Before we get too excited about a “neo-liberal” Xi administration, though, it’s necessary to take account of the massive state-owned enterprise (SOE) complex. While Xi proposes that the government retreat from its role in manipulating the prices of key inputs, it is quite clear that the government’s large role as the direct owner of key economic assets will remain. While the Decision contains a number of specific SOE reform proposals (such as raising their dividend payout ratio from the current 10-15% to 30%, and an encouragement of private participation in state-sector investment projects), it retains a commitment to a very large SOE role in economic development. The apparent lack of a more aggressive state-sector reform or privatization program has distressed many economists, who agree that China’s declining productivity growth and exploding debt are both substantially due to the bloated SOEs, which gobble up a disproportionate share of bank credit and other resources but deliver ever lower returns on investment.
The communiqué and the Decision both make clear that state ownership must still play a “leading role” in the economy, and it is a very safe bet that when he retires in 2022, Xi will leave behind the world’s biggest collection of state-owned enterprises. But while privatization is off the table, subjecting SOEs to much more intense competition and tighter regulation appears to be a big part of Xi’s agenda. In his interview, Yang Weimin stresses that the Plenum decision recognizes the equal importance of both state and non-state ownership – a shift from previous formulations which always gave primacy to the state sector. Moreover, other reports suggest that the mandate of the State-owned Assets Supervision and Administration Commission (Sasac), which oversees the 100 or so big centrally-controlled SOE groups, will shift from managing state assets to managing state capital. This shift of emphasis is significant: in recent years SOEs have fortified their baronies by building up huge mountains of assets, with little regard to the financial return on those assets (which appears to be deteriorating rapidly). Forcing SOEs to pay attention to their capital rather than their assets implies a much stronger emphasis on efficiency.
This approach is consistent with a long and generally successful tradition in China’s gradual march away from a planned economy. The key insight of economic reformers including Xi is that the bedrock of a successful modern economy is not private ownership, as many Western free-market economists believe, but effective competition. If the competitive environment for private enterprises is improved – by increasing their access to capital, land and energy, and by eliminating regulatory and local-protectionist barriers to investment – marginal SOEs
must either improve their efficiency or disappear (often by absorption into a larger, more profitable SOE, rather than through outright bankruptcy). As a result, over time the economic role of SOEs is eroded and overall economic efficiency improves, without the need to fight epic and costly political battles over privatization.
Can Xi deliver?
Even if we accept this view of Xi as an ambitious, efficiency-minded economic reformer, it’s fair to be skeptical that he can deliver on his grand design. These reforms are certain to be opposed by powerful forces: SOEs, local governments, tycoons, and other beneficiaries of the old system. All these interest groups are far more powerful than in the late 1990s, when Zhu Rongji launched his dramatic reforms to the state enterprise system. What are the odds that Xi can overcome this resistance?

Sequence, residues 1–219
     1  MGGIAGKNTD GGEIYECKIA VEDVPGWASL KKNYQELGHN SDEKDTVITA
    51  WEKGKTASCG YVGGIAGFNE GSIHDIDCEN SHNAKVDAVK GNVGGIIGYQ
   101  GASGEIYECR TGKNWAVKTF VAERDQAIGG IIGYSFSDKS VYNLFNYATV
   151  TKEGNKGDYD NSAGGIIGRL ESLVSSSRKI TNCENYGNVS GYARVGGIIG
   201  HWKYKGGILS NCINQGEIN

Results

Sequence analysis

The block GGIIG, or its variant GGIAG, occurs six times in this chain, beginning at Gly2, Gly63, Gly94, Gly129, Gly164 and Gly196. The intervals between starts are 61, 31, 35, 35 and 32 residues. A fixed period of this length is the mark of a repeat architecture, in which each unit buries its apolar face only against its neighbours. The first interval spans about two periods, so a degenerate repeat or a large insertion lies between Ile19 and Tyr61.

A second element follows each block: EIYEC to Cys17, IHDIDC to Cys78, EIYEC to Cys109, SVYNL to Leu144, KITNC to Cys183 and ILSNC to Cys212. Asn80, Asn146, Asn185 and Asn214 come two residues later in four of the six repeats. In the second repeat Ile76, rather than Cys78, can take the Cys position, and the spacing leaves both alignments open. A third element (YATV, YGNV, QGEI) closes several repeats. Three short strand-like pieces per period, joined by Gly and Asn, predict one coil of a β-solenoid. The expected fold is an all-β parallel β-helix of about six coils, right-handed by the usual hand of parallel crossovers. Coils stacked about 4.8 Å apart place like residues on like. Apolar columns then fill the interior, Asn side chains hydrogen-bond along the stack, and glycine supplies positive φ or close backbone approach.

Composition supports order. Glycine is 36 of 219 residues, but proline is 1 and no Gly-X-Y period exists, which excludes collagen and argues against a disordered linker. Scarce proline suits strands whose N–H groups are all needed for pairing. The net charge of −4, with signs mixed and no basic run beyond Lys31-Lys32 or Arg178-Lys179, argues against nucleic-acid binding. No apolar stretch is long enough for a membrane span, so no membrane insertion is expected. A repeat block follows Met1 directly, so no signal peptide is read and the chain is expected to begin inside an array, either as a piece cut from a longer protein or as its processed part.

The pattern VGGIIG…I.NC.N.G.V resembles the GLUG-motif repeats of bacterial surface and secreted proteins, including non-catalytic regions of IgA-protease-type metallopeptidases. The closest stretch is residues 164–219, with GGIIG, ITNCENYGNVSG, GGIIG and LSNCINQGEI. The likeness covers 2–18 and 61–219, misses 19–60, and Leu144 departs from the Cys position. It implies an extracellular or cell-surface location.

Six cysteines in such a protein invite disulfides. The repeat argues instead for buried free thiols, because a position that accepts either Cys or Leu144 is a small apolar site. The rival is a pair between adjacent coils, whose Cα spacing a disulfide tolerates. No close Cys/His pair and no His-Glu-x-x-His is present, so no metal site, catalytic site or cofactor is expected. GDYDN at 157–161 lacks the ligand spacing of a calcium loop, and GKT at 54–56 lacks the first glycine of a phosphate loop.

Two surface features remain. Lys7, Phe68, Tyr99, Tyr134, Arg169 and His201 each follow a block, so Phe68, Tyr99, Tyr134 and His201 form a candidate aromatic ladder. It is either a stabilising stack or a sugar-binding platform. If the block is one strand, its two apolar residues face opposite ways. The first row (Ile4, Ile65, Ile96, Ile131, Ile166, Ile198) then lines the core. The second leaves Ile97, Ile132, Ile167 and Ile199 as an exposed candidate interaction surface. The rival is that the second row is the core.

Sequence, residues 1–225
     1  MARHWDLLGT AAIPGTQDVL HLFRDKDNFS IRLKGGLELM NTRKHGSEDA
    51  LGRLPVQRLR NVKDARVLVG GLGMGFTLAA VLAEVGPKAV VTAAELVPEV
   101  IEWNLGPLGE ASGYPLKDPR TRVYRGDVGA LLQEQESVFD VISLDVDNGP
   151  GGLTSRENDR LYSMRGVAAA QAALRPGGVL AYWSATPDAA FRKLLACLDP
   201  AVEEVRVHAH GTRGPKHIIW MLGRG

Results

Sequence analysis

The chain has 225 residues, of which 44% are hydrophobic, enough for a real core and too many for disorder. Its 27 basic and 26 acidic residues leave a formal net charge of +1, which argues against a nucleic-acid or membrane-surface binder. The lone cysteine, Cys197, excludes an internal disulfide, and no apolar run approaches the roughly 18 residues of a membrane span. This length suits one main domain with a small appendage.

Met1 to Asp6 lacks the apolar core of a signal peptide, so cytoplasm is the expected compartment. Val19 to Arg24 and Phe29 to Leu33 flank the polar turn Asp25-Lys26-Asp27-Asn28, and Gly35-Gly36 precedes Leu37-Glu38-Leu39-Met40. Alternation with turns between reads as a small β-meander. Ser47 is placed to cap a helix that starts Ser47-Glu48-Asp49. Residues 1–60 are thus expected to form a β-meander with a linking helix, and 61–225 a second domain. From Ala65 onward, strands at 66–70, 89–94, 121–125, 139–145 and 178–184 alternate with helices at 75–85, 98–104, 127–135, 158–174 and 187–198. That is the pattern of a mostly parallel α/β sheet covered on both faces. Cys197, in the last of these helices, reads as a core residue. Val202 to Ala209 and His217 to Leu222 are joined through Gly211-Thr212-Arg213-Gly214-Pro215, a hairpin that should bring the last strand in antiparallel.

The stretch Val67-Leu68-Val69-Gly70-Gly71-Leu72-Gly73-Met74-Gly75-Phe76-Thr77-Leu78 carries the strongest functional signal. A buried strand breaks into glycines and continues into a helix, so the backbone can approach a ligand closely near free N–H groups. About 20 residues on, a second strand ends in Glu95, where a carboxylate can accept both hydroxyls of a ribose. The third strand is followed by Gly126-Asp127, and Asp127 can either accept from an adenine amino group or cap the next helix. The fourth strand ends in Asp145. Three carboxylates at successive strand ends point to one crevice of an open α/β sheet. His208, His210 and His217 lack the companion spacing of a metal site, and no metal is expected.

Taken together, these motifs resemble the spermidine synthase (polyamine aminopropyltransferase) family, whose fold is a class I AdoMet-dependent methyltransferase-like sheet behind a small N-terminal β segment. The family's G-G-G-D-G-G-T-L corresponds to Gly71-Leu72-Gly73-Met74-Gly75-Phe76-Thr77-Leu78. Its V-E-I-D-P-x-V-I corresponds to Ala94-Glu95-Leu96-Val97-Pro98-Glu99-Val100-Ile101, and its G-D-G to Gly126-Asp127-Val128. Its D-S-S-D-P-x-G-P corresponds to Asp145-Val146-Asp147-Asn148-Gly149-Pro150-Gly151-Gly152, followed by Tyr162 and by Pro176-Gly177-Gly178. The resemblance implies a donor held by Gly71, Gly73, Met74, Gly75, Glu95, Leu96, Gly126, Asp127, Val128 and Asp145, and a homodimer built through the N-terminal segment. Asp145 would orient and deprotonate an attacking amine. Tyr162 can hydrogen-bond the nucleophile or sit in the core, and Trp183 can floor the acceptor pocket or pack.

Actually, better than even. The Plenum approved the formation of two high-level Party bodies: a “leading small group” to coordinate reform, and a State Security Commission to oversee the nation’s pervasive security apparatus. At first glance this seems a classic bureaucratic shuffle – appoint new committees, instead of actually doing something. But in the Chinese context, these bodies are potentially quite significant.
In the last years of the Hu Jintao era, reforms were stymied by two entrenched problems: turf battles between different ministries, and interference by security forces under a powerful and conservative boss, Zhou Yongkang. Neither Hu nor his premier Wen Jiabao was strong enough to ride herd on the squabbling ministers, or to quash the suffocating might of the security faction. By establishing these two high-level groups (presumably led by himself or a close ally), Xi is making clear that he will be the arbiter of all disputes, and that security issues will be taken seriously but not allowed to obstruct crucial economic or governance reforms.
The costs of crossing Xi have also been made clear by a determined anti-corruption campaign which over the last six months has felled a bevy of senior executives at the biggest SOE (China National Petroleum Corporation), the head of the SOE administrative agency, and a mayor of Nanjing infamous for his build-at-all-costs development strategy. Many of the arrested people were closely aligned with Zhou Yongkang. The message is obvious: Xi is large and in charge, and if you get on the wrong side of him or his policies you will not be saved by the patronage of another senior leader or a big state company. Xi’s promptness in dispatching his foes is impressive: both of his predecessors waited until their third full year in office to take out crucial enemies on corruption charges.
In short, there is plenty of evidence that Xi has an ambitious agenda for reforming China’s economic and governance structures, and the will and political craft to achieve many of his aims. His program may not satisfy market fundamentalists, and he certainly offers no hope for those who would like to see China become more democratic. But it is likely to be effective in sustaining the nation’s economic growth, and enabling the Communist Party to keep a comfortable grip on power.
Editor's Note: Arthur Kroeber is the Beijing-based managing director of Gavekal Dragonomics, a global macroeconomic research firm, and a non-resident fellow of the Brookings-Tsinghua Center. A different version of this article appears on www.foreignpolicy.com.